Heinold buys sows from farmers, sorts the livestock at buying stations, and resells and trucks the sows to sausage processors, including Hillshire. Hillshire buys sows directly from farmers, which it then processes into sausage sold under the Jimmy Dean and Hillshire Farm brands. “Our concern was that one company would have too much of a role in the sale of sows, and that could affect prices for hog farmers,” Greenwood says. He says Tyson would have at least a third of the sow market through this acquisition.

Greenwood says the settlement needs final approval before things move ahead. “A federal judge has to take a look at it, and we hope the judge will sign off on that,” Greenwood says. “Assuming the judge does sign off on it, that clears the way for the sale of Heinold Hog Markets, and it clears the way for the consolidation of the companies.

Tyson Foods is a Delaware corporation and one of the world’s largest meat companies with its principal place of business in Springdale, Arkansas. The Hillshire Brands Company is a Maryland corporation with its principal place of business in Chicago, Illinois. Hillshire is a manufacturer and marketer of brand name food products for the retail and food service markets, including sausage, hot dogs, and lunch meats. Its brand names include Jimmy Dean, Ball Park and Hillshire Farm.


U.S. Chamber of Commerce ‘all in’ for GOP’s Joni Ernst for U.S. Senate (AUDIO)

Rob Engstrom of the U.S. Chamber of Commerce with Joni Ernst.

Rob Engstrom of the U.S. Chamber of Commerce with Joni Ernst.

The U.S. Chamber of Commerce has endorsed Republican Joni Ernst in Iowa’s U.S. Senate race. Rob Engstrom, the group’s national political director, said today they’re “all in” for Ernst because her opponent is “actively hostile” toward businesses.

“In any senate race across the country, the choice couldn’t be more clear where you have somebody in Congressman Bruce Braley who is a personal injury lawyer. He’s made a career suing businesses,” Engstrom said. “…He is the face of the problem in Washington, D.C.”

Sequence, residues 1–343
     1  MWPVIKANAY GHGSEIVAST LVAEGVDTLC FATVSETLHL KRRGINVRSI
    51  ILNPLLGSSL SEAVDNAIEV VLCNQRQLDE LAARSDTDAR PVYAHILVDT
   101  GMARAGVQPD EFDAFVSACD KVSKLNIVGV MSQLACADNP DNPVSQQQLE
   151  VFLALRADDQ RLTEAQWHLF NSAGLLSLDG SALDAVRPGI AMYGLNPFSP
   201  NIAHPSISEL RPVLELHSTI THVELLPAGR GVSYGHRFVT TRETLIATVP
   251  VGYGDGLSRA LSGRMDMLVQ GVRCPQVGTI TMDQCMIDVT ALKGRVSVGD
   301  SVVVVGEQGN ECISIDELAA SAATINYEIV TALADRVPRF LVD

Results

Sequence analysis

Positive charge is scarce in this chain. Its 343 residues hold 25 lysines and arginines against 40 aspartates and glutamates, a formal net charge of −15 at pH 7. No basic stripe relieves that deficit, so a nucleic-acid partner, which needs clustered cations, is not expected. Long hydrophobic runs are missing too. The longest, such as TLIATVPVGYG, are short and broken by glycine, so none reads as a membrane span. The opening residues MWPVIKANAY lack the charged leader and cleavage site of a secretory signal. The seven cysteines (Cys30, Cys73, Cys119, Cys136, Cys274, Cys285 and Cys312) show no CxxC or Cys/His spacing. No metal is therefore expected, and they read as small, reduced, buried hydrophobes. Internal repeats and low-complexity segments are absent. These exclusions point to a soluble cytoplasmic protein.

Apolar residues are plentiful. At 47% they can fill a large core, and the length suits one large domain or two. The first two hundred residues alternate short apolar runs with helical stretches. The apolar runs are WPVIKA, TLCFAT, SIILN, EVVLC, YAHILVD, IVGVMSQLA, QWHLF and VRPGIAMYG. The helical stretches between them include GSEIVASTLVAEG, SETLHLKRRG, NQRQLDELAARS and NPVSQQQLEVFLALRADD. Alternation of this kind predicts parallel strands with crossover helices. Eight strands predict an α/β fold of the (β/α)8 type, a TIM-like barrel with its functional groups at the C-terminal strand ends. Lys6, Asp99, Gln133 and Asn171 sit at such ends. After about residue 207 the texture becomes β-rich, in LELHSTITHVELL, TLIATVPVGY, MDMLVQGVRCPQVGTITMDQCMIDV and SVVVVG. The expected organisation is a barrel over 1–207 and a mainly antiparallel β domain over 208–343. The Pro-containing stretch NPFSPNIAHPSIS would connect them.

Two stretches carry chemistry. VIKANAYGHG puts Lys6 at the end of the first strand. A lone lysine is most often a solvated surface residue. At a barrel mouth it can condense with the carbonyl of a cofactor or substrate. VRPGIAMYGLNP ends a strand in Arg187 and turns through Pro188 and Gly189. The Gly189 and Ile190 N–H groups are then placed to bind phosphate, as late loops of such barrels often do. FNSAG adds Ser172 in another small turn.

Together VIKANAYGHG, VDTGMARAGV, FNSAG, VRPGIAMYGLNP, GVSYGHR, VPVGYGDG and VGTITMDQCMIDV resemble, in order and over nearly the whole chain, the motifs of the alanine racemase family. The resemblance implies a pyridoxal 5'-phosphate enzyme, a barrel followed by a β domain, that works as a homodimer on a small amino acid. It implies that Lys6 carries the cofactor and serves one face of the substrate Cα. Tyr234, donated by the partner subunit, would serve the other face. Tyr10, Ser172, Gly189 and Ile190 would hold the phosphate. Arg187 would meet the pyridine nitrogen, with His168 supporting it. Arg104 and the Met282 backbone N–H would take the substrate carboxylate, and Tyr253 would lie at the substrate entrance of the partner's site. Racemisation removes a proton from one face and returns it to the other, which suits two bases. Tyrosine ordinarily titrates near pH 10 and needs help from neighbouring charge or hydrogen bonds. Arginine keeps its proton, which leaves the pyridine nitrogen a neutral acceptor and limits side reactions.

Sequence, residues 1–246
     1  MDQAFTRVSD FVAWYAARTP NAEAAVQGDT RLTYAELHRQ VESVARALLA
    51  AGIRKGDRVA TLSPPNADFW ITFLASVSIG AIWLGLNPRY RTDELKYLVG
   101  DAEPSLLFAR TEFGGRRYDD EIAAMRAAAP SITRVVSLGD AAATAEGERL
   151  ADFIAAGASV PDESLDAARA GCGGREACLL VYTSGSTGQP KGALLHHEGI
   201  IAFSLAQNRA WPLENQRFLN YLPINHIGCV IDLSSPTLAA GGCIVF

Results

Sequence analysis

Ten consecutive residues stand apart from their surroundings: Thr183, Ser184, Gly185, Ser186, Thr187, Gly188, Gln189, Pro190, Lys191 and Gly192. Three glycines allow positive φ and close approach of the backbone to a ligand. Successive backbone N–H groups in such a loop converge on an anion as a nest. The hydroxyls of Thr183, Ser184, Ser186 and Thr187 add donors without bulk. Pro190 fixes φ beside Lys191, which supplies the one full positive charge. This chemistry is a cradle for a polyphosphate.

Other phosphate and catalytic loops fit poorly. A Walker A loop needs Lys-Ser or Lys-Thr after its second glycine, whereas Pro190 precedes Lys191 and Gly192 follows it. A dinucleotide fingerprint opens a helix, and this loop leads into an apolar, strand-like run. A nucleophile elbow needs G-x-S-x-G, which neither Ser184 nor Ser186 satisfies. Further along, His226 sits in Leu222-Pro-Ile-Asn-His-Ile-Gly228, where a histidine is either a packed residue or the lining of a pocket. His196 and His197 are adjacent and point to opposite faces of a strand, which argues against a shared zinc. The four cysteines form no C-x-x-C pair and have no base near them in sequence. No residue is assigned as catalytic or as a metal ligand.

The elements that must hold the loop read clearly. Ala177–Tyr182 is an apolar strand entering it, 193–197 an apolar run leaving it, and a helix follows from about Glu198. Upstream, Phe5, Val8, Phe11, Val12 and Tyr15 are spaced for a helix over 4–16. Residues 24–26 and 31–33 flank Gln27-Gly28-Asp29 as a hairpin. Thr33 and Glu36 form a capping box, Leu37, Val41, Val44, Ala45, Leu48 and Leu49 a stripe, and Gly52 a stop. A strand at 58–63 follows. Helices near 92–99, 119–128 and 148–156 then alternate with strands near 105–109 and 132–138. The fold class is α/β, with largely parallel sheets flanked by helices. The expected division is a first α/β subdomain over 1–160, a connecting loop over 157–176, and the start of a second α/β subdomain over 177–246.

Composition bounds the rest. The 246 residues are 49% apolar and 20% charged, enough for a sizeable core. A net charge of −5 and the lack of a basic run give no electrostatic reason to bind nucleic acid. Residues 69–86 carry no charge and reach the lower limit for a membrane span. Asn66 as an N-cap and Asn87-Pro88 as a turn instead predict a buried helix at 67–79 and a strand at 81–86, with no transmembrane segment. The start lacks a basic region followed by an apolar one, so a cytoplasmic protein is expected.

Engstrom spoke during an event at an Indianola hardware store, praising Ernst as an advocate of the free enterprise system, but directing most of his remarks at Braley.

“Whether it’s chasing chickens around his neighbor’s yard and threatening lawsuits, whether it’s pretending to be a farmer, there’s not enough duct tape in aisle three to fix Mr. Braley’s failed record in Washington, D.C.,” Engstrom said, as Ernst laughed.

The U.S. Chambers of Commerce spent over $35 million supporting Republican candidates in 2012 and the group this year has already spent more than half a million on behalf of just one incumbent Republican senator from Mississippi. Ernst will now benefit from U.S. Chambers of Commerce campaign ads run on her behalf in Iowa.

“I do truly hope to have the opportunity to fight the good fight for good, solid, pro-growth economic policies for Iowans — both employees and employers — in the United States Senate,” Ernst said at the event inside McCoy Hardware.

AUDIO of U.S. Chamber of Commerce event in Indianola, 16:00

Braley, her opponent, told reporters an hour later that Ernst will find the endorsement from the U.S. Chambers of Commerce to be a “liability.”

“They are strongly opposed to increasing the minimum wage, which would give 300,000 a pay raise — 20 percent of the workforce,” Braley said after a campaign stop in Des Moines. “And the fact that they’re another organization that is financed by the Koch brothers should be no surprise to Iowans as to why they chose to endorse my opponent.”

The Koch brothers are billionaires who are expected to spend $300 million this election cycle to back conservative candidates and causes.

Third-generation to take over leadership of Vermeer in Pella

Jason Andringa

Jason Andringa

The family who owns the Pella-based company that makes heavy equipment for farm and industrial uses has announced its “family succession plans.”

Gary Vermeer founded Vermeer Corporation in 1948 and the company now sells its products in 66 countries. His daughter, Mary Vermeer Andringa, is the company’s president and CEO and she recently served as president of the National Association of Manufacturers.

Her son, Jason Andringa, will become Vermeer’s president and chief operating officer on November 1st, then a year later he’ll become both president and chief executive of the company. His mother will become chairman of the board and his uncle, who is also a former CEO of the company, will become chairman emeritus.

Jason Andringa is a mechanical engineer who earned a masters from MIT and an MBA from the

Mary Andringa

Mary Andringa